DegreeCultural Anthropology ’21
When I started my 8-week summer project at Triangle Residential Options for Substance Abusers, Inc., more widely known as TROSA, I had a few general expectations about how the summer would go. TROSA is a therapeutic community where residents participate in a 24-month program, learning strategies that can help them avoid substance use and how to make better life choices. It was an incredible organization and work experience. I was excited to be a part of tangible action in a global health field.
Throughout the spring semester, our Student Research Training team – Ashley Wilson, Rachel Baber and I – met with our advisor, Dr. Sumi Ariely, Associate Professor of the Practice of Global Health, and our TROSA community partners, Rebecca Graves and Karen Kelly. During one of those meetings, we decided that I would work with TROSA to improve its composting (and possibly its recycling) system.
The original goal of my project was to investigate the possibility of implementing an industrial-style composting system that would reduce landfill use and hopefully provide TROSA with a “green business” tax benefit. Initially, I thought, this can’t possibly take all eight weeks! But I soon realized that my carefully crafted ideas for our summer – and my whole perspective about the project – had to change.
My supervisors and I recognized early on that the community was not prepared to take the first steps required to develop a high-quality recycling and composting system. Initial community assessments revealed that time should first be spent on two baseline issues: encouraging a cultural change among residents coupled with a simple, effective system for reducing waste. We also noted a need to shift our priorities from composting to recycling. The recycling program needed to be kept simple by focusing only on two items across all TROSA sites: cans and bottles. Attempting to generate a cans-and-bottles-only recycling system for an organization of 600 people that spans across five properties in the Durham area turned out to be much more complicated than I envisioned.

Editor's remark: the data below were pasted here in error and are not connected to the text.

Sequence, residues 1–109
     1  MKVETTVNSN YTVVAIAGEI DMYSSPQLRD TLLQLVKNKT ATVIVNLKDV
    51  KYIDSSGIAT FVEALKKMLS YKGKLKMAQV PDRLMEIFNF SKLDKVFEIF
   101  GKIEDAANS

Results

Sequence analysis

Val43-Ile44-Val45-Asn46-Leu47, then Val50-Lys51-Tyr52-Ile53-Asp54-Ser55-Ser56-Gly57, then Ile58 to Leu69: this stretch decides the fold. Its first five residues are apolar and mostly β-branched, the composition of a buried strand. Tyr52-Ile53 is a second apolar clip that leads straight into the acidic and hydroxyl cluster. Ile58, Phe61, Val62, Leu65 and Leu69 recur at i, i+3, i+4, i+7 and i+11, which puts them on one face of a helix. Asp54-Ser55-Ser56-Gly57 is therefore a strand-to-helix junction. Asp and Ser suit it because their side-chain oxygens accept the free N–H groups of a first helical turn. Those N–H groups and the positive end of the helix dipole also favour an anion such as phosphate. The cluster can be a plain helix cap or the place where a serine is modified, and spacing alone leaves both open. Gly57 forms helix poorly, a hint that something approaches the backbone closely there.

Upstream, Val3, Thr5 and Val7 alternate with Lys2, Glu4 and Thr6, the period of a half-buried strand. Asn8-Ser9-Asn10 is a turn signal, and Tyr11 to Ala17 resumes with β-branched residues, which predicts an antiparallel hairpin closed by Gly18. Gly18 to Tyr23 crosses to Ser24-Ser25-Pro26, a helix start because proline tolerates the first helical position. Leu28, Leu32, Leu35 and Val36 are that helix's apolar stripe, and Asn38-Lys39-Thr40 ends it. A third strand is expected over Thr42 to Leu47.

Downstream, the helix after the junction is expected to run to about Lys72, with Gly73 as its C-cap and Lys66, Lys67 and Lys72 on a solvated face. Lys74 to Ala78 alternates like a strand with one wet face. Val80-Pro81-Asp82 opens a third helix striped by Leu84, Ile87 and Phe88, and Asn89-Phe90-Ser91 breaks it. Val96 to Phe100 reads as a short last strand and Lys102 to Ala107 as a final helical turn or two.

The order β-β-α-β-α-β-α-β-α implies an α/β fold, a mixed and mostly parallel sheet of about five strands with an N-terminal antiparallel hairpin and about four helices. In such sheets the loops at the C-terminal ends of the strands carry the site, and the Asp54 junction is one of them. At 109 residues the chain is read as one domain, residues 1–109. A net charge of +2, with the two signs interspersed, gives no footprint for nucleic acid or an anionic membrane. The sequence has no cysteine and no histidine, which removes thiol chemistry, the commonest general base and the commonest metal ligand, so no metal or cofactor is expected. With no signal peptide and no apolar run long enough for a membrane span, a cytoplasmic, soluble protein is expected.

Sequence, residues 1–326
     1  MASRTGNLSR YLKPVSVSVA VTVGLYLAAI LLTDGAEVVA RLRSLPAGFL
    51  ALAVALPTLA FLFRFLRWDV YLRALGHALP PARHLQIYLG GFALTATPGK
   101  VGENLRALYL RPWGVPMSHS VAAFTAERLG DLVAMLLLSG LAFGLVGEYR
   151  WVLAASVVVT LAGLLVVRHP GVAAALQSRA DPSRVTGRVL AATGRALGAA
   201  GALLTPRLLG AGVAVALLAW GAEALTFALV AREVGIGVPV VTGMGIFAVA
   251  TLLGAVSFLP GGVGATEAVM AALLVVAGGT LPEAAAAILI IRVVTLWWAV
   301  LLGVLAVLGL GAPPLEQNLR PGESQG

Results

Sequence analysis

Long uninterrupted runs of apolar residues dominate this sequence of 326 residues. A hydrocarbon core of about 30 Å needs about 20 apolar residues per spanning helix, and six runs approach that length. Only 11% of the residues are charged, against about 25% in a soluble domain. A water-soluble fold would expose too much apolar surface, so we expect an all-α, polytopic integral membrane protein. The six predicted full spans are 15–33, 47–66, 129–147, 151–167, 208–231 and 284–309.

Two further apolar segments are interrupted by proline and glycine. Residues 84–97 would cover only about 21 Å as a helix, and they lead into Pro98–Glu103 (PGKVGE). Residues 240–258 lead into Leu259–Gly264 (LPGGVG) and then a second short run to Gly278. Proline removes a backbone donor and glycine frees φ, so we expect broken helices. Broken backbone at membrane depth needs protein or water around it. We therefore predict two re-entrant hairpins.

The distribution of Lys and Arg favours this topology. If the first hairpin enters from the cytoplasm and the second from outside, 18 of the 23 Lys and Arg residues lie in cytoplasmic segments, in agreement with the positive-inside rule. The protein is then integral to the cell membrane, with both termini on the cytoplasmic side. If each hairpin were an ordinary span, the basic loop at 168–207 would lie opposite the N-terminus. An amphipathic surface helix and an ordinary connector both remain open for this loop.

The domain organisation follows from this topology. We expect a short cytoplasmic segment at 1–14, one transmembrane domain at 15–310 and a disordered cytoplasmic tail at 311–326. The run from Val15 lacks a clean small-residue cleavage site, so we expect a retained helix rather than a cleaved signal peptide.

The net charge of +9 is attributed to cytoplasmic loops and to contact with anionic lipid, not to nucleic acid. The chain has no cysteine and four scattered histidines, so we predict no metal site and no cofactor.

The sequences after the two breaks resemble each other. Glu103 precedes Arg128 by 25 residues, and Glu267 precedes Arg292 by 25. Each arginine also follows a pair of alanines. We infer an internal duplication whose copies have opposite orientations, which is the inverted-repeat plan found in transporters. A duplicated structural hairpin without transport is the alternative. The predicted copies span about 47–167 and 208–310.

Over the course of eight weeks I learned while doing and did while learning. I was humbled by the reality that I needed the help of the TROSA community, as well as other organizations outside of TROSA. The only way to sustain this kind of system was to:
- Be realistic about an appropriate starting point.
- Work to articulate TROSA’s goals and the values shaping those goals.
- Determine a viable intervention.
- Ask the residents to determine the course of the project based on the current resources available.
During my work on the recycling project at TROSA I learned about diagnosing and bridging gaps between communities and resources, how to better involve all levels of TROSA residents in the decision-making process in order to address local-global environmental challenges and how to think about generating benefits that matter to different stakeholders involved in the intervention.
Environmental Justice, Global Disparities and Disparities at TROSA
While I have always had an interest in environmental science and justice, I had not delved into the subject deeply before working with TROSA this summer. After conducting the initial recycling survey and interviews, which revealed that residents had a desire to recycle, I realized that effective recycling can have numerous benefits and can reduce negative health outcomes and inequalities in our local communities and worldwide.